US6103834A - Polymer composition derived from unsaturated vegetable oils - Google Patents

Polymer composition derived from unsaturated vegetable oils Download PDF

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US6103834A
US6103834A US09172737 US17273798A US6103834A US 6103834 A US6103834 A US 6103834A US 09172737 US09172737 US 09172737 US 17273798 A US17273798 A US 17273798A US 6103834 A US6103834 A US 6103834A
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oil
vegetable
fatty
container
process
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US09172737
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Abel M. Espinoza
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Espinoza; Abel M.
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    • CCHEMISTRY; METALLURGY
    • C08ORGANIC MACROMOLECULAR COMPOUNDS; THEIR PREPARATION OR CHEMICAL WORKING-UP; COMPOSITIONS BASED THEREON
    • C08GMACROMOLECULAR COMPOUNDS OBTAINED OTHERWISE THAN BY REACTIONS ONLY INVOLVING UNSATURATED CARBON-TO-CARBON BONDS
    • C08G63/00Macromolecular compounds obtained by reactions forming a carboxylic ester link in the main chain of the macromolecule
    • C08G63/02Polyesters derived from hydroxycarboxylic acids or from polycarboxylic acids and polyhydroxy compounds
    • C08G63/12Polyesters derived from hydroxycarboxylic acids or from polycarboxylic acids and polyhydroxy compounds derived from polycarboxylic acids and polyhydroxy compounds
    • C08G63/46Polyesters chemically modified by esterification
    • C08G63/48Polyesters chemically modified by esterification by unsaturated higher fatty oils or their acids; by resin acids
    • CCHEMISTRY; METALLURGY
    • C08ORGANIC MACROMOLECULAR COMPOUNDS; THEIR PREPARATION OR CHEMICAL WORKING-UP; COMPOSITIONS BASED THEREON
    • C08FMACROMOLECULAR COMPOUNDS OBTAINED BY REACTIONS ONLY INVOLVING CARBON-TO-CARBON UNSATURATED BONDS
    • C08F222/00Copolymers of compounds having one or more unsaturated aliphatic radicals, each having only one carbon-to-carbon double bond, and at least one being terminated by a carboxyl radical and containing at least one other carboxyl radical in the molecule; Salts, anhydrides, esters, amides, imides, or nitriles thereof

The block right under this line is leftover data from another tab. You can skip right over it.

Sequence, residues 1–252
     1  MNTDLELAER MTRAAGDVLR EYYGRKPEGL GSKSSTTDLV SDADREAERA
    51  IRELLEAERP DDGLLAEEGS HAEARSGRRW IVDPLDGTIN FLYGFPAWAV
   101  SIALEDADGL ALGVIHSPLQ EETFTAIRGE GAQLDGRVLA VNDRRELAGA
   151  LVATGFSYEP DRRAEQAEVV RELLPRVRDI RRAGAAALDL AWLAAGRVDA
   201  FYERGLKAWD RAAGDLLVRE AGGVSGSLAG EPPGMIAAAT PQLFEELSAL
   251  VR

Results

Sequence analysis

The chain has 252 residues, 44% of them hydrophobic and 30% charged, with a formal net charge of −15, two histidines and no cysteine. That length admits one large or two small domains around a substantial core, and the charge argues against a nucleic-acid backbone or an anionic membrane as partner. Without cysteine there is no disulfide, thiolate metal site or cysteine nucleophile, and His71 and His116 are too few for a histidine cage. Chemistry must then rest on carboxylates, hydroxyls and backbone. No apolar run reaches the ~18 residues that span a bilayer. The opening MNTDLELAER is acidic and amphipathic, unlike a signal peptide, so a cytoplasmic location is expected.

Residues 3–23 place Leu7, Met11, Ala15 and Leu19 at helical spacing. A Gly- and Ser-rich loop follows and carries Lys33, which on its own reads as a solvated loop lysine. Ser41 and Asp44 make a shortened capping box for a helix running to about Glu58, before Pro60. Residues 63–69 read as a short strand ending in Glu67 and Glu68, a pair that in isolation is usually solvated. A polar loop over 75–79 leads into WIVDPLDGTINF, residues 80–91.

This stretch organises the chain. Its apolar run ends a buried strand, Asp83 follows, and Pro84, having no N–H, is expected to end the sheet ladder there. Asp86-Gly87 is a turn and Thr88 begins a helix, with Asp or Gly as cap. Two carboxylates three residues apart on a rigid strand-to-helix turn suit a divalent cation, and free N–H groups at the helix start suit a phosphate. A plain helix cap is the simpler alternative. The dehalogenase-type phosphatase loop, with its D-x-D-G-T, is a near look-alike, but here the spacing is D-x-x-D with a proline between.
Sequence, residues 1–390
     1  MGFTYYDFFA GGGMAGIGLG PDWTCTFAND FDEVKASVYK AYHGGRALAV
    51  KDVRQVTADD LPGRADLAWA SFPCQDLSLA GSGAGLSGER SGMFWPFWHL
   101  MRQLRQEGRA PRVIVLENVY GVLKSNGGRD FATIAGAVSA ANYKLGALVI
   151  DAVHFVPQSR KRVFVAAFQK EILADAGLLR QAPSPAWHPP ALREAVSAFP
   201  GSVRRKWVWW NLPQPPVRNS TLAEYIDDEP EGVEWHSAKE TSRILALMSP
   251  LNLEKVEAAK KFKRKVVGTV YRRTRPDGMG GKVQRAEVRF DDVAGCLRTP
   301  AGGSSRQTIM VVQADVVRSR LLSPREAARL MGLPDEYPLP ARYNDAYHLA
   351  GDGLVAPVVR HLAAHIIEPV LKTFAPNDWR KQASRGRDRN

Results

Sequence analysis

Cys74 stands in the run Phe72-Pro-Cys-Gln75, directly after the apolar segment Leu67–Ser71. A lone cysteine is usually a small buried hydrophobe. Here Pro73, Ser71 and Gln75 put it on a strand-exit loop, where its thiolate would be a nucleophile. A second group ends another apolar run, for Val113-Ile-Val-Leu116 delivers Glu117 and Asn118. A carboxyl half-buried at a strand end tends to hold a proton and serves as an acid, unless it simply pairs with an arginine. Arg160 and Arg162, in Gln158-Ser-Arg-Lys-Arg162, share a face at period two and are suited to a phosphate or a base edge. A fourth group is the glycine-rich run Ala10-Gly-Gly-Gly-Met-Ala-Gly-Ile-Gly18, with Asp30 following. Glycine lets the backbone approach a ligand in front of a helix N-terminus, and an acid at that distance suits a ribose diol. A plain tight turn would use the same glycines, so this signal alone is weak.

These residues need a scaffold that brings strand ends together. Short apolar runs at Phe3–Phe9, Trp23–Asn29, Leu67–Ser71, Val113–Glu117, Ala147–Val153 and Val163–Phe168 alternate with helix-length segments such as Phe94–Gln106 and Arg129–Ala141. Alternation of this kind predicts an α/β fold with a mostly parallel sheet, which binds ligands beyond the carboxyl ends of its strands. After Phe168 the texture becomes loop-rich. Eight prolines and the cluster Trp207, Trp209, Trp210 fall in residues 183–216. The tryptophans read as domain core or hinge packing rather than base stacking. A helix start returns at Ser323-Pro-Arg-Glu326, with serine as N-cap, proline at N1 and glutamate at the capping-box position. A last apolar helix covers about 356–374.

• C08F222/04Anhydrides, e.g. cyclic anhydrides
    • C08F222/06Maleic anhydride

Abstract

A process for co-polymerizing unsaturated vegetable oils or fatty acids utilizing the steps of mixing the unsaturated vegetable oil or fatty acid with maleic anhydride in a container. Simultaneously, inert gas is added to the container to provide an oxygen free environment within the container. A sufficient amount of initiator is added to the mixture in the container to produce free radicals for the co-polymerization of the vegetable oil with this fatty acid or the maleic anhydride.

Description

BACKGROUND OF THE INVENTION

The present invention relates to a novel and useful process for co-polymerizing unsaturated vegetable oils and fatty acids.

Polymerized vegetable oils have found use as lubricants, waxes, binders for wood products, and the like. Also, polymerized vegetable oils and fatty acids may be employed to disperse pigments in paints and in inks. Moreover, it is well known that vegetable oils and fatty acids that are polymerized are more valuable in the marketplace than in their natural state.

In the past, vegetable oils have been mixed with other components to provide a lubricant additive. For example, U.S. Pat. No. 4,970,010 describes such a process.

New U.S. Pat. No. 5,229,023 describes a group of lubricant additives that comprise telomerized triglyceride vegetable oils.

An article entitled "Magic Beans: Soy Oil Forms New `Green` Composite," ENN Daily News, Oct. 31, 1997 describes the use of soy oil triglycerides and which are reformulated through the process of epoxidization.

A process for easily polymerizing unsaturated vegetable oils and fatty acids would be a notable advance in the chemical industries.

SUMMARY OF THE INVENTION

In accordance with the present invention a novel and useful process for co-polymerizing unsaturated vegetable oil and fatty acids is herein provided.